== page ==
OSFI announced that it is gradually phasing out the special capital treatment of loan and insurance premium payment deferrals that was provided to banks and insurers at the start of the COVID-19 pandemic. The OSFI decision to discontinue the special regulatory capital treatment of deferrals, which permit loan and insurance premium payment deferrals to be treated as performing, reflects the temporary nature of these measures and will ensure that reporting requirements remain accurate in reflecting credit risk. OSFI has published additional details regarding this in a letter that was issued to federally regulated deposit-taking institutions and in the updated frequently asked questions (FAQs) on pandemic-related regulatory measures.
OSFI is announcing the following updates to the special capital treatment of loans subject to payment deferrals:
- Loans granted payment deferrals before August 31 will continue to be treated as performing loans under the Capital Adequacy Requirements (CAR) Guideline for the duration of the deferral, up to a maximum of six calendar months from the effective date of the deferral.
- Loans granted new payment deferrals after August 30 and on or before September 30 will be treated as performing loans under the CAR Guideline for the duration of the deferral, up to a maximum of three calendar months from the approval date of the deferral.
- Loans granted payment deferrals with approval dates after September 30, 2020 will not be eligible for the special capital treatment.
This change supports the accurate measurement of the capital needs of deposit-taking institutions and the long-term integrity of the OSFI capital framework. While the special capital treatment and regulatory flexibility related to payment deferrals was warranted at the onset of COVID-19, as both lenders and borrowers adapted to the extraordinary circumstances and unprecedented disruptions related to the pandemic, banks are now in a better position to employ their business-as-usual alternatives to support troubled borrowers. Thus, the special capital treatment for loans with payment deferrals is no longer warranted and is being phased out through the changes being announced.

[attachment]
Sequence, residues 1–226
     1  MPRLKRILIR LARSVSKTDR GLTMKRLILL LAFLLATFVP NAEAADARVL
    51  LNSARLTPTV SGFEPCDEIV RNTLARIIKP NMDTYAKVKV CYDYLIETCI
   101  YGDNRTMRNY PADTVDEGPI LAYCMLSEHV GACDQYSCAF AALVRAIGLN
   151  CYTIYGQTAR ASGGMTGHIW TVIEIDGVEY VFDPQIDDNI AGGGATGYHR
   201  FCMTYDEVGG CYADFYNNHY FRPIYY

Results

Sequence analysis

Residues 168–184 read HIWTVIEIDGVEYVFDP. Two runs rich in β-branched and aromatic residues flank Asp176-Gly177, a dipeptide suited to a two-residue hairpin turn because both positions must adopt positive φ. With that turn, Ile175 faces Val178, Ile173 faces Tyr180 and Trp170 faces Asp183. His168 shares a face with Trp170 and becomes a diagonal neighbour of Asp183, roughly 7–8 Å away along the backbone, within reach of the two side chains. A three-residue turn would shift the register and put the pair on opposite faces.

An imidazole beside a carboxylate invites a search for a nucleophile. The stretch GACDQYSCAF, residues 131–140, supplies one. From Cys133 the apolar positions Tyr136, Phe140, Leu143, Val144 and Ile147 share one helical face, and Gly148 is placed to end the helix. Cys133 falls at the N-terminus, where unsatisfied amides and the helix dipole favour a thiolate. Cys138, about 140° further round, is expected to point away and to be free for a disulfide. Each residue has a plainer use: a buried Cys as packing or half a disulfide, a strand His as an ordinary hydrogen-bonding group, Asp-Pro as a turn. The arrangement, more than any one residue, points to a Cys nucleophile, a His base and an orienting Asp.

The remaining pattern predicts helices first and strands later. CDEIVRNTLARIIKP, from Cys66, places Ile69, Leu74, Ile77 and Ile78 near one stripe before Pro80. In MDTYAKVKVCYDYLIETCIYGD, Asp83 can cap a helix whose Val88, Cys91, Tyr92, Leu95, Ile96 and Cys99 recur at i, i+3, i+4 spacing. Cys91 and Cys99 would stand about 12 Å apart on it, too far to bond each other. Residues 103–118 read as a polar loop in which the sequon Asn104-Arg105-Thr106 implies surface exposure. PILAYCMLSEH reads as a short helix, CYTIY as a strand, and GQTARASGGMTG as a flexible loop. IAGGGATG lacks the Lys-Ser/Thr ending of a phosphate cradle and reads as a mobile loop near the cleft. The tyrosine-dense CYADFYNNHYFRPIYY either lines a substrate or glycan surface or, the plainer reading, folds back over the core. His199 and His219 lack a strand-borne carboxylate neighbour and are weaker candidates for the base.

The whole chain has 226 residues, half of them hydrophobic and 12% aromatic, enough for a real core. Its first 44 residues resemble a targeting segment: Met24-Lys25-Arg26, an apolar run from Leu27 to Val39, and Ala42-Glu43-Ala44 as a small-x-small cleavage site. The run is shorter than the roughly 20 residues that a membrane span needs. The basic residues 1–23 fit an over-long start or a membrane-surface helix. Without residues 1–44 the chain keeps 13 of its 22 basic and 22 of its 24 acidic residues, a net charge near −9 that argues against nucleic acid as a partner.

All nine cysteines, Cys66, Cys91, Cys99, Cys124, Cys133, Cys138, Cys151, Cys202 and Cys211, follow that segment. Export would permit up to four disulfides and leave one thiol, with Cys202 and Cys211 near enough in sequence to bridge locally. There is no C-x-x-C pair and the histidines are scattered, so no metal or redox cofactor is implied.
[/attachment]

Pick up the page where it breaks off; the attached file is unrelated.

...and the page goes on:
Keywords: Americas, Canada, Banking, COVID-19, Payment Deferrals, Regulatory Capital, Basel, Credit Risk, FAQ, OSFI
The European Banking Authority (EBA) published four draft principles to support supervisory efforts in assessing the representativeness of COVID-19-impacted data for banks using the internal ratings based (IRB) credit risk models.
The European Council and the European Parliament (EP) reached a provisional political agreement on the Corporate Sustainability Reporting Directive (CSRD).
The Prudential Regulation Authority (PRA) launched a consultation (CP6/22) that sets out proposal for a new Supervisory Statement on expectations for management of model risk by banks.
The European Commission (EC) published the Delegated Regulation 2022/954, which amends regulatory technical standards on specification of the calculation of specific and general credit risk adjustments.
The Bank for International Settlements (BIS) Innovation Hub updated its work program, announcing a set of projects across various centers.
The European Insurance and Occupational Pensions Authority (EIOPA) published two consultation papers—one on the supervisory statement on exclusions related to systemic events and the other on the supervisory statement on the management of non-affirmative cyber exposures.
Certain members of the U.S. Senate Committee on Banking, Housing, and Urban Affairs issued a letter to the Securities and Exchange Commission (SEC)
The European Insurance and Occupational Pensions Authority (EIOPA) published a consultation paper on the advice on the review of the securitization prudential framework in Solvency II.
The Bank for International Settlements (BIS) published bulletins on lending in decentralized finance (DeFi) system, on blockchain scalability and fragmentation of crypto, and on extractable value and market manipulation in crypto and decentralized finance.
The Prudential Regulation Authority (PRA) issued a statement on PRA buffer adjustment while the Bank of England (BoE) published a notice on the statistical reporting requirements for banks.